Britain is to regulate minibonds in the same way as shares, the government said on Tuesday, as it set out plans to make its capital markets more appealing to investors.
The UK Treasury proposed that issuers of minibonds — or bonds that cannot be traded — to the public had to trade on a regulated market. This “new, bespoke” regime would replace the current system in which minibond issuers were not required to offer investors any protection.
The move was among a series of post-Brexit reforms to capital market rules published following a consultation with the City last year. The Treasury also announced changes to private electronic marketplaces run by banks and high-frequency traders and introduced a new live database of trading information.
Boris Johnson, the prime minister, has urged ministers to accelerate regulatory reforms to illustrate the “opportunities of Brexit”.
The failure of minibond provider London Capital & Finance in early 2019 became one of the biggest retail investment scandals in UK history. It took £237mn of investors’ money, hitting the savings of 11,600 customers — many of them first-time investors and pensioners. A report into the collapse by Dame Elizabeth Gloster, a former appellate judge, criticised the failure of regulators to supervise the bonds.
Tom Callaby, of law firm CMS, said the reforms would allow investors to claim compensation if things went wrong. But he cautioned that “it’s important to remember that this won’t on its own stop failures or fraud from happening in the first place, particularly if the platforms don’t do due diligence and robustly monitor the issuers”.
John Glen, economic secretary to the Treasury, said in a speech on Tuesday that many of the changes were intended to ensure investors got the best price for their share and derivatives deals.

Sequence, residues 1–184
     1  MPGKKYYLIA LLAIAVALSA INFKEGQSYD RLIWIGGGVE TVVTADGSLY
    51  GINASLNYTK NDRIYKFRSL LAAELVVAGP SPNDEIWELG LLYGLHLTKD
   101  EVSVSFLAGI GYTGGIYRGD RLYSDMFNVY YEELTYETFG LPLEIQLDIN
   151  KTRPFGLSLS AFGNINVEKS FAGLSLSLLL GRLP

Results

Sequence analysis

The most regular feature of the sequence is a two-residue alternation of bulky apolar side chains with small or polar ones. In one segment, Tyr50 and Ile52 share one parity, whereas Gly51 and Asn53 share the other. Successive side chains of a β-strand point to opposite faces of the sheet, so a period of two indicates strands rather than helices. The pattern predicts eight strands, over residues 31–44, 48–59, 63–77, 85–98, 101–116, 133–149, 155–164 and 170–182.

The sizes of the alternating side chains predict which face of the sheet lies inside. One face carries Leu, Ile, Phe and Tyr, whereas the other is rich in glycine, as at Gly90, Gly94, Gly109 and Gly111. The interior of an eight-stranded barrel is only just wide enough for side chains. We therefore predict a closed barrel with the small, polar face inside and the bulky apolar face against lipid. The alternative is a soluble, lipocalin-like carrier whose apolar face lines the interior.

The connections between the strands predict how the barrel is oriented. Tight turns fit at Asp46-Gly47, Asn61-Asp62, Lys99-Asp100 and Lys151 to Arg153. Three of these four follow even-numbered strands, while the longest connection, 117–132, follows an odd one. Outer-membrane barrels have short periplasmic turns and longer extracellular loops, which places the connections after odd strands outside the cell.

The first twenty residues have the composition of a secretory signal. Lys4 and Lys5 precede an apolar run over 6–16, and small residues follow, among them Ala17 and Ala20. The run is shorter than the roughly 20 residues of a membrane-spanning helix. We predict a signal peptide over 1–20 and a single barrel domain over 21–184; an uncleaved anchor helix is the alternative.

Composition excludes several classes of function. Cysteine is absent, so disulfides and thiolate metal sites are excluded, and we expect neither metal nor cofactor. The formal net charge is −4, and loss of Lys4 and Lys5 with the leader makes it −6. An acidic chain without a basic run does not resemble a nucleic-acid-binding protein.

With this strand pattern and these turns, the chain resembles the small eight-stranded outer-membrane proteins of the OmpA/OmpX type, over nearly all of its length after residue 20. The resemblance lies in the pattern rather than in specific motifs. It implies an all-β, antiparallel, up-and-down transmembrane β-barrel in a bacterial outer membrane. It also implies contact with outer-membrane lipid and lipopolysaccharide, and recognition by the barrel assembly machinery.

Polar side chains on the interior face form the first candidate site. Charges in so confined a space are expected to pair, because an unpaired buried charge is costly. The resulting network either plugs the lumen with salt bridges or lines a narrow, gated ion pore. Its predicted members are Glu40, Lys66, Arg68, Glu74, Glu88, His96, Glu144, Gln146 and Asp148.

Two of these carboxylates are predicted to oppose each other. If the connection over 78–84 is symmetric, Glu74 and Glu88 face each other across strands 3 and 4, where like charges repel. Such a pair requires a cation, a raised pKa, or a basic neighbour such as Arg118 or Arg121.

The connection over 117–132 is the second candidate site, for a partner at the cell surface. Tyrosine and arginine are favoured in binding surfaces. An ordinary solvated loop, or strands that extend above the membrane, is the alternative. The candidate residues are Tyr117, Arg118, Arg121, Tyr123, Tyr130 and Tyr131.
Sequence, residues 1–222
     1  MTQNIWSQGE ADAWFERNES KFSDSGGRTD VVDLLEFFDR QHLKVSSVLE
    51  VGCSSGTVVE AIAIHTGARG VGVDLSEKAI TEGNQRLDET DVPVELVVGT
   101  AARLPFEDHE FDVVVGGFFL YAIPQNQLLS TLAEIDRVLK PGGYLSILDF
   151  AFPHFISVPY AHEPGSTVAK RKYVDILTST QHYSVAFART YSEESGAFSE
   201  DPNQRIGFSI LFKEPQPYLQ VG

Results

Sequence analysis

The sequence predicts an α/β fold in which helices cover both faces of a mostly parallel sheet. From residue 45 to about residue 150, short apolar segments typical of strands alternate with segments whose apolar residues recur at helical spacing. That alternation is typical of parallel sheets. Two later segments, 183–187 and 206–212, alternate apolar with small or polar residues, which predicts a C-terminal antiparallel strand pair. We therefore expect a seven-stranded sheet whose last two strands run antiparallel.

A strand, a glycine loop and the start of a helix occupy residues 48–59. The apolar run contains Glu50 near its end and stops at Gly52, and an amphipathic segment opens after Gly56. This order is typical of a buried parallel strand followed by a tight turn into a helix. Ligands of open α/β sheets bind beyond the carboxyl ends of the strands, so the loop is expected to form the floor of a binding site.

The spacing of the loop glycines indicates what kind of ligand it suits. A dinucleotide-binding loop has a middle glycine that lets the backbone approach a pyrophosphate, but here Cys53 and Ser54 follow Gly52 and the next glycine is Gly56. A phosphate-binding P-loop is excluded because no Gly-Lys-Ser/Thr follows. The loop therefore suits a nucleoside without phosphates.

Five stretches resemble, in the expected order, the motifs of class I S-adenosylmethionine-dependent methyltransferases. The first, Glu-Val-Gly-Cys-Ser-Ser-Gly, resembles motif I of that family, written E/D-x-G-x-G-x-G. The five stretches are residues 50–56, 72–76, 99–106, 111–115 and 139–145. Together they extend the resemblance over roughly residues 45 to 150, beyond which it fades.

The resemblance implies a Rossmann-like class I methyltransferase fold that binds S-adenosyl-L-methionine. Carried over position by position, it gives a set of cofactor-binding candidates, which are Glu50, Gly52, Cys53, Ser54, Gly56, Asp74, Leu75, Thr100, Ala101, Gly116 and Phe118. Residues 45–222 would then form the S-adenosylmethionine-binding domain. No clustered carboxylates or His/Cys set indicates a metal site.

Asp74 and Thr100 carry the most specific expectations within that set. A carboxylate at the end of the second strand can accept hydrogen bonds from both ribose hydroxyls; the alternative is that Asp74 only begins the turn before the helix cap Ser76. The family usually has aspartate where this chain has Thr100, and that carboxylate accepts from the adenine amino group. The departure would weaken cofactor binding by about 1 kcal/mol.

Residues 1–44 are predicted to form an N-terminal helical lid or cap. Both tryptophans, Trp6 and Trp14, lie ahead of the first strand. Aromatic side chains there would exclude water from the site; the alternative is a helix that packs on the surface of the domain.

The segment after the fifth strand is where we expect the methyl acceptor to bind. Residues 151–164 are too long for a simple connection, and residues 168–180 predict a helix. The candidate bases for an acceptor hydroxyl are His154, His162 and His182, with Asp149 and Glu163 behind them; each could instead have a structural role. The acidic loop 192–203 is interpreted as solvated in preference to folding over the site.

Rejecting calls for wide-ranging deregulation, he said the steps were “common sense yet significant”. “They’re not change for change’s sake. The UK and EU’s regimes will evolve as they adapt to the market’s needs,” he told an audience of bankers and lawyers at an event hosted by lobby group AFME.
Among the reforms Glen detailed was the establishment of a “consolidated tape” or a live database that bundles together basic trading information from competing trading venues.
He also confirmed plans to reform rules around corporate prospectuses, to give issuers more freedom to raise capital. “We need to think about it from the entrepreneur’s perspective — how can we create assurance around pools of capital,” he added.
Last month Glen signalled long-awaited reforms to EU-era “Solvency II” regulations of the insurance industry, intended to release billions of pounds for investment in infrastructure projects.
“We are pleased to see the government is going to make changes that will support more dynamic UK capital markets, delivering greater choice for customers and clients,” said David Postings, chief executive of UK Finance, a lobby group.
“The important thing now is for the plans outlined by the government to be brought into force as soon as possible.”
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